The seven Bishops of the Scottish Episcopal Church are collectively known as the College of Bishops.
The College of Bishops meets six times a year to support the strategic development of activities conducted by the five Boards and some of the pendant committees.
One Bishop is elected as Chair who holds the title of Primus (from the Latin ‘primus inter pares’ – ‘first among equals’).
The current Primus is the Most Reverend Mark Strange who is the Bishop of Moray, Ross and Caithness.
Election of Bishops
The process for the election of a new bishop of a diocese is detailed in Canon 4 “Of the Calling and Election of Bishops to Vacant Sees”. There is a long-established principle in the Scottish Episcopal Church that every diocese should elect its own bishop.
It is a single electoral process in three possible stages, set in motion by a Mandate from the Primus, normally issued within 21 days of a See becoming vacant. The Electoral Synod (comprising both clergy and lay members of the diocese) is the body responsible for the election. While it is expected that the whole process will be completed within a year, the Electoral Synod at its Preliminary Meeting will agree its own timetable for all three Stages. It has two opportunities under Stages One and Two to elect, and if the first two Stages do not produce a result, the election passes to the bishops meeting in Episcopal Synod.
The Electoral Synod is assisted in its task by a Preparatory Committee comprising six representatives of the diocese and five members from outside the diocese to represent the wider Scottish Episcopal Church. The Preparatory Committee invites nominations for the vacancy, receives applications, conducts interviews and draws up a short-list of names of candidates for the vacant bishopric. At the First Stage the List must have a minimum of three names and a maximum of five names. At no time are the names of short-listed candidates made public, and they are treated as confidential, along with all documents and proceedings under the electoral process. The Electoral Synod meets with each of the short-listed candidates. A separate Electoral Meeting is then held, and the vote takes place.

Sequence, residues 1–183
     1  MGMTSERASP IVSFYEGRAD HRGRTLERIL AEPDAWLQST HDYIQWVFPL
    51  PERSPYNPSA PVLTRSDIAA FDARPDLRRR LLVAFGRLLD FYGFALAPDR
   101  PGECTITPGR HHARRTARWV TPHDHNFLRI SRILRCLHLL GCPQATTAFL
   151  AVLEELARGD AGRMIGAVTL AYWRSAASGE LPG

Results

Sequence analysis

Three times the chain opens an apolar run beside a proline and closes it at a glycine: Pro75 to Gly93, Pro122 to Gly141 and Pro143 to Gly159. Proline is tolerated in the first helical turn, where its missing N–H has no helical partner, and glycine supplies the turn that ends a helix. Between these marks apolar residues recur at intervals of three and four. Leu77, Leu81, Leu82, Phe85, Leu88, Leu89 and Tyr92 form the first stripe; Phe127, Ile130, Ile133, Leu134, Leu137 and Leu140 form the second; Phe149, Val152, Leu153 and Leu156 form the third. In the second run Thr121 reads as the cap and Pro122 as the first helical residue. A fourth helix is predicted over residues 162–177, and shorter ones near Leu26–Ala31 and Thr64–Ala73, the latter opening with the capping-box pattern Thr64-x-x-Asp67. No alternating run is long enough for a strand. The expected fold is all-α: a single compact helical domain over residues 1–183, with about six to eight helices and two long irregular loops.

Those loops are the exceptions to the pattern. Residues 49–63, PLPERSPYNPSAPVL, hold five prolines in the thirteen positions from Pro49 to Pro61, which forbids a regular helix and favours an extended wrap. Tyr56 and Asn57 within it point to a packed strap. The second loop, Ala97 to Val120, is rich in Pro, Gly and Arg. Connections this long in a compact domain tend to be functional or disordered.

If there is no election at the First Stage, following a meeting of the Electoral Synod, the whole process is repeated at the Second Stage. The List at the Second Stage must contain no fewer than two or more than five names.
If there is no election at the Second Stage, the right of election passes, under the Third Stage, to the Episcopal Synod. All members of the College of Bishops normally attend the Preliminary Meeting of the Electoral Synod at the start of the process so that they are fully informed of the needs and aspirations of the diocese. If a Third Stage is required, then prior to the Electoral Meeting of the Episcopal Synod, the bishops meet with the Diocesan Members of the Preparatory Committee to consider the reasons why there has been no election under the two previous Stages, and to discuss the particular needs of the diocese.
Once an election has taken place under any of the three Stages, and the bishop-elect has accepted the election, the name of the bishop-elect is announced publicly, and arrangements are made for their Consecration and Installation. This normally takes place within 3 to 4 months from the date of election.
All those participating in the process should receive training on the process and on spiritual discernment. The General Synod has adopted (a) Guidelines for the election of a bishop and (b) a Commentary for all parties involved in the Electoral Process, copies of which will be provided to all Electors and which are available on the provincial website: https://www.scotland.anglican.org/who-we-are/publications/code-of-canons/.
Appointing a Primus
The title “Primus” comes from the Latin ‘primus inter pares’ (meaning first among equals). The Primus chairs the College of Bishops and represents the College and the wider church at home and throughout the world-wide Anglican Communion. The Primus is elected by the Episcopal Synod which comprises all of the Diocesan Bishops. The bishop who is elected Primus also remains a Diocesan Bishop.